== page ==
This is the basics of doing a folder structure, and there are quite a few instances where you might want to use this, so keep this in mind.

Alright, so that’s how we do the folder structure here. Here is where we show the actual state itself. So we have a different class if it’s expanded, and if you click anywhere on it, it’ll toggle the expansion.

So if it’s not expanded, then it’s easy. It’s just a span containing the shortName of the state, and the shortName is basically gotten by splitting it along the dots and just getting the lastObject.

So this shortName is uncommitted. The fullName is root.deleted.uncommitted. So it’s showing that, and if the state has a highlightedFlag, then it’ll have highlightedState and turn it yellow.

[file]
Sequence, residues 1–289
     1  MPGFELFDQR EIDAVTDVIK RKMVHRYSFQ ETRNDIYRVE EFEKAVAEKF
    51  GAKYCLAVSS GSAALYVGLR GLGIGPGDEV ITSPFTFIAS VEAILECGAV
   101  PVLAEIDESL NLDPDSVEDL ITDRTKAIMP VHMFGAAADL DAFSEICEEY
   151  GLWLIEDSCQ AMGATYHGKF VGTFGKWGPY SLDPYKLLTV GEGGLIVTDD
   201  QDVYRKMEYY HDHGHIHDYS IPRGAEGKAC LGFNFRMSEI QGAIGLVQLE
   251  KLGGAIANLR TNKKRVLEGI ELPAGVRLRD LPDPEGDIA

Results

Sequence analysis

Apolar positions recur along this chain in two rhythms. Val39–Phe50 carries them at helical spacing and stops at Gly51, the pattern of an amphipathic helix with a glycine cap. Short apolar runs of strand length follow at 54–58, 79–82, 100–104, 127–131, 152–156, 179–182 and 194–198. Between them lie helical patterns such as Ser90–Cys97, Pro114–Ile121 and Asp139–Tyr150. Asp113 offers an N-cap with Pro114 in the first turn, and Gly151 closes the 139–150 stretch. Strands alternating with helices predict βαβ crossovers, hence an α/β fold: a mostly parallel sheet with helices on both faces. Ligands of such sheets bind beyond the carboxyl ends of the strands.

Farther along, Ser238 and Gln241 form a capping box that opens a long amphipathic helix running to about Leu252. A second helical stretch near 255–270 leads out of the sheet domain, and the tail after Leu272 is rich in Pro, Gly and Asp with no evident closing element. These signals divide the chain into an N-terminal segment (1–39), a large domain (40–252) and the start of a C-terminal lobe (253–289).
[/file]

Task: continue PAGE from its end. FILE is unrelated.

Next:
Then if it is expanded, it’ll once again show the with the full name this time, and then it’ll loop through all the possible flags and display them all, but gray out the ones that are not currently there using the unless helper, so it grays out the ones that are false.

So that’s pretty much it for the code. One last thing, I also used ember-page-front. This add-on lets me host my files on page front. And I’ve been really enjoying the experience so far, I might make a screencast all about that.

So that’s it for today. If you have any parts of this that you really enjoyed and want to see more of, go ahead and talk to me in the comments, and if you want to see more things where I just walked through a bunch of code instead of diving deep into one issue, go ahead and tell me that too. Thanks and I’ll see you next time.

Subscribe to our mailing list